Wednesday, March 26, 2014

Tsu Castle -People who does not change his master seven times is not full fledged-

Tsu Castle

-People who does not change his master seven times is not full fledged-


津城

Overview


Name: Tsu castle (Tsu-jo)
Alias:
Place: Marunouchi Tsu city, Mie
Type: Plain castle
Built: Originally 16th century, expanded in 17th century
Remaining remnants: Stone walls, sand walls and moats
Title: 100 more famous Japanese castles

Brief History

Tsu castle (津城) is located on the place surrounded by two rivers at Tsu city. Historically Tsu city was called by Anotsu and an important port from Kyoto to eastern country, but once destructed by the earthquake at the end of 15th century, and the function of trade port moved to Kuwana port or Matsusaka port. 


Tsu castle before Takatora Todo


Tsu castle was originally built by Nagano clan, a local clan in 16th century. In 1580, Nobukane Oda (1548-1614), younger brother of Nobunaga Oda (1543-1582), was appointed by the governer of this region, and significantly expanded this castle into a modern one with five story main tower.

At the battle of Sekigahara in 1600, current general Nobutaka Tomita (?-1633) supported Tokugawa side and was attacked by Morichika Chosokabe (1575-1615), a lord of Tosa country (Kochi prefecture) who was former Toyotomi side. Attacked by overwhelming army the castle fought well, but finally Nobutaka opened the castle.
 

After the battle of Sekigahara. Takatora Todo (1556-1630) was appointed as a governer of this area. He further expanded Tsu castle and developed its castle town. Takatora is known as a master of building castles, and also as a self-made man frequently changed his master for promotion.



Promotion under Hidenaga Toyotomi


 

Japanese samurai is often imaged with Bushido (Way of samurai) emphasizing loyalty to master, but it is a custom in Edo era under the effect of Confucianism. In Sengoku era, local lords quite often changed his master or had it both ways, and retainer who had ambition to rise up wandered between masters seeking for more promotion. Takatora was a typical example of such retainer.



Born in Omi country (Shiga prefecture), Takatora at first served for local lord Atuji clan, but soon he changed to Nomusumi Tsuda (1555-1582), a nephew of Nobunaga Oda and allocated to western Omi country. But as he did not get with Nobusumi he left, and later was hired by Hidenaga Toyotomi (1540-1591), a younger brother of future ruler Hideyoshi Toyotomi (1537-1598).  

Along with the promotion of Hideyoshi, the role of Hidenaga also expanded rapidly. Under Hidenaga, Takatora participated in numerous military and administrative operations, and grew his talent. Finally Hidenaga governed Yamato country (Nara prefecture) and Kii country (Wakayama prefecture), and Takatora showed his shrewdness in administration and also built many castles such as Wakayama castle. It was a satisfactory period for Takatora.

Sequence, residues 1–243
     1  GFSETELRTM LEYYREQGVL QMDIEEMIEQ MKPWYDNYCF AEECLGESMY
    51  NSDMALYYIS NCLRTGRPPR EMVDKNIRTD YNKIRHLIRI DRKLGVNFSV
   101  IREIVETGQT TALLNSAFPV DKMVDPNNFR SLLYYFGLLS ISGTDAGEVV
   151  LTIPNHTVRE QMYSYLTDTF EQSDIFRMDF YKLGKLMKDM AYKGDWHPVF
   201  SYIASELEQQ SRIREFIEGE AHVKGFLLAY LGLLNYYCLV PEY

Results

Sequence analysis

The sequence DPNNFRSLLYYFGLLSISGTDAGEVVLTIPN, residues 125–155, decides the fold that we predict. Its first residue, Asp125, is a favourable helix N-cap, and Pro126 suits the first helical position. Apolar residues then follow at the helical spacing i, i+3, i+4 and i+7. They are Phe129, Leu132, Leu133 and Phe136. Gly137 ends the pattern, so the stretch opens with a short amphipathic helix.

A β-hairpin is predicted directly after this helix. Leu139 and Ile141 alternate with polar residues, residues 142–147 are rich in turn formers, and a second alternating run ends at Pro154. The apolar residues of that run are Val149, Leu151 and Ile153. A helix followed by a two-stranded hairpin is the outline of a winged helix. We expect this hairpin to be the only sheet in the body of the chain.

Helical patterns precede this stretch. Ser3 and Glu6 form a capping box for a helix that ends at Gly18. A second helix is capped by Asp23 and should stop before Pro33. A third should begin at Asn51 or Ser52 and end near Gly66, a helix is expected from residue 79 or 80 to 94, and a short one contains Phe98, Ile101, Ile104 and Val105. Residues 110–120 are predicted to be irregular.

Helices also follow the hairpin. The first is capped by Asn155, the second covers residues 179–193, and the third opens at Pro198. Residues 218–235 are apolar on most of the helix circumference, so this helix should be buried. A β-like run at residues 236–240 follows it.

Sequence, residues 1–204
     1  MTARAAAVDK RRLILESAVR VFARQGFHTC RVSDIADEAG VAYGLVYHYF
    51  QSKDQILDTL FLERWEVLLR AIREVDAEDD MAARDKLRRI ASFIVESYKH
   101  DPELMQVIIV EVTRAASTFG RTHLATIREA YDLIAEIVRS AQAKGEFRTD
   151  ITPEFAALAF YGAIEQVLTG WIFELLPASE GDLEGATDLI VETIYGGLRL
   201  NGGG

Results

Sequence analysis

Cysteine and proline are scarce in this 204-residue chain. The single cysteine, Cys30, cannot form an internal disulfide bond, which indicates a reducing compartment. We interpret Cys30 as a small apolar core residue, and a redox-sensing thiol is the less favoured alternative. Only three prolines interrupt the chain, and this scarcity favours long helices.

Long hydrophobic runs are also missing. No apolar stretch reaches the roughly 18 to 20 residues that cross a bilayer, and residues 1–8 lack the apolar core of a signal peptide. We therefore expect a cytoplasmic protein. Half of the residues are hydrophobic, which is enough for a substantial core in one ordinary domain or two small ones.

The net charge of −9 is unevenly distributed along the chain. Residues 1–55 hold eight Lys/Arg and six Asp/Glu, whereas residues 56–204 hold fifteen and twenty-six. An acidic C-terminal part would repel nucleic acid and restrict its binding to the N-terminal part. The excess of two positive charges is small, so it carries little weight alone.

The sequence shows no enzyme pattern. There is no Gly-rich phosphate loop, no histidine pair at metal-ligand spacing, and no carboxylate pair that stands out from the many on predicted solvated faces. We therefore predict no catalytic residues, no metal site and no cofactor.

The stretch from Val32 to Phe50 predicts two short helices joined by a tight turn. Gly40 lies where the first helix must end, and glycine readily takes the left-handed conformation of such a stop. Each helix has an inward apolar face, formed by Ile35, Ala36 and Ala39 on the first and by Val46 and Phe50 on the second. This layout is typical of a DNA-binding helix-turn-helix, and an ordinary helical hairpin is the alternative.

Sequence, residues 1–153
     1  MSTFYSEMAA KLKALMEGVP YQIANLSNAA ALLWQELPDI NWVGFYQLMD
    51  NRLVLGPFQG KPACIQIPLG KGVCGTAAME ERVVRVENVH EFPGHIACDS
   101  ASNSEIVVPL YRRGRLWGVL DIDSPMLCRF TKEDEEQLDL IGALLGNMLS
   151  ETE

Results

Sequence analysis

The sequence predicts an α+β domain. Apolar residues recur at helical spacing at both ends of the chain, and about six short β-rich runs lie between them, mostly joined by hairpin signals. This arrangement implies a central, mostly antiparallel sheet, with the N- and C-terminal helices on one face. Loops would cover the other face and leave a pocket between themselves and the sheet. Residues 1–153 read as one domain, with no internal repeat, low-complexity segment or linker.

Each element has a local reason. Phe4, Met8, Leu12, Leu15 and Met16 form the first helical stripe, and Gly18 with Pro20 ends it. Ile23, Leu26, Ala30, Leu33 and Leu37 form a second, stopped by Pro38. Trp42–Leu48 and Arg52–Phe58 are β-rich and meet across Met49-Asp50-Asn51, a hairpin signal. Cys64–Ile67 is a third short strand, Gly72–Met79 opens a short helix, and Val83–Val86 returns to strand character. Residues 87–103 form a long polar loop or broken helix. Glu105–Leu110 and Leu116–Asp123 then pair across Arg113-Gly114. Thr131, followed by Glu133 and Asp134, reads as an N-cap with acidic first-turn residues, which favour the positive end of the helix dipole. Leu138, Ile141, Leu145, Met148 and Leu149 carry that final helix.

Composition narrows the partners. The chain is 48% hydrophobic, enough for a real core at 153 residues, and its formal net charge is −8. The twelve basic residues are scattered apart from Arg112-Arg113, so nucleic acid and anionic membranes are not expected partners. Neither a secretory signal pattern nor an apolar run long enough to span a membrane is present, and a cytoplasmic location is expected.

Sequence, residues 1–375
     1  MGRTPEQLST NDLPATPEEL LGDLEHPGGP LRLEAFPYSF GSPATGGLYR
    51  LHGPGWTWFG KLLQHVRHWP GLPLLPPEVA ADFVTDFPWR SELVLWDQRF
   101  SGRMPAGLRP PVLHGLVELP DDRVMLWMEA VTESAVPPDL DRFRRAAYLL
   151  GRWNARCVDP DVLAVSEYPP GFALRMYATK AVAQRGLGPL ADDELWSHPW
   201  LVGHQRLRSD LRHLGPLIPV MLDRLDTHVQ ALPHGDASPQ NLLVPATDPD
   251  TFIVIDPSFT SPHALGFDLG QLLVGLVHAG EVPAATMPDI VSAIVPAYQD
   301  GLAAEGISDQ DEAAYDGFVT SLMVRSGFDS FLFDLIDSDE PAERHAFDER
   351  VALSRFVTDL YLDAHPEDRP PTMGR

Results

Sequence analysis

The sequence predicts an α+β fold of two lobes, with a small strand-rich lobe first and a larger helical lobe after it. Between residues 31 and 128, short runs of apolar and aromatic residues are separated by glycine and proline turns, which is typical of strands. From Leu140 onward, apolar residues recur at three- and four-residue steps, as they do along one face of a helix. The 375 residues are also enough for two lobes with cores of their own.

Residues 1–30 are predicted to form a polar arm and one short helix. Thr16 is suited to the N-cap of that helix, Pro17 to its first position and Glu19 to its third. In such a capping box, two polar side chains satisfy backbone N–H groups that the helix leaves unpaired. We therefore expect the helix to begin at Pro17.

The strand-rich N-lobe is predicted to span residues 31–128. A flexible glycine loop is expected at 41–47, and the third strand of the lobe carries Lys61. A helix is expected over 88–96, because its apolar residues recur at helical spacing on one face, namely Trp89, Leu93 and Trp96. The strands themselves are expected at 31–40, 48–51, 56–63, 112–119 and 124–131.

Change to Tokugawa clan



But Hidenaga died in 1591, and his adopted son Hideyasu was also passed away in youth at 1595. Hidenaga house extinguished and Takatora thought to retire, but Hideyoshi who looked at his talent promoted Takatora as a direct retainer. Under Hideyoshi he was appointed as a governer of Iyo country (Ehime prefecture), and built excellent castles such as Ozu castle, Imabari castle or Uwajima Castle.

After the death of Hideyoshi, as a penetrating realist, he abandoned Toyotomi clan and approached to Ieyasu Tokugawa (1543-1616), a largest lord. He worked hard for invitation of other lords to Tokugawa side, and also fought bravely at the battle of Sekigahara against former Toyotomi supporting group in 1600. As a result of these achievement, Takatora was given large territory of Tsu domain in Ise country and Iga country (Mie prefecture), and became a most trusted newcoming retainer of Ieyasu. 


Subsequent to the battle of Sekigahara, utilizing his skill, Takatora engaged in build of many castle by Tokugawa clan, such as Edo castle, Nagoya castle, Sasayama castle Igaueno castle, Zeze castle and so on. Compared from other master of building castle such as Kiyomasa Kato (1562-1611) or Nagashige Niwa (1571-1637), Takatora’s castles were quite simple such as just a square shape which was suitable for rapid construction, and held back enemies by tall stone walls and wide water moats, not complex shape of the castle.


Finally Takatora died in 73 years old in 1630. It is said that he mentioned people who does not change his master seven times is not full fledged as his family creed.



Afterward of this castle



Todo clan had prospered throughout Edo era without transfer. At the time of Meiji revolution war, they first supported Edo shogunate but easily turned to new government side, and was criticized that the rule of its founder is still living.


Subsequent to Meiji revolution, all buildings and outer areas were broken. But central area with surrounding stone walls still remains as a park, and one corner turret guarding backside gate was reconstructed on the tall stone wall.


Access


20 minutes walk from Kintetsu Nagoya-sen line Tsu-Shinmachi station. 10 minutes drive from Ise-Jidoshado Expressway Tsu interchange.


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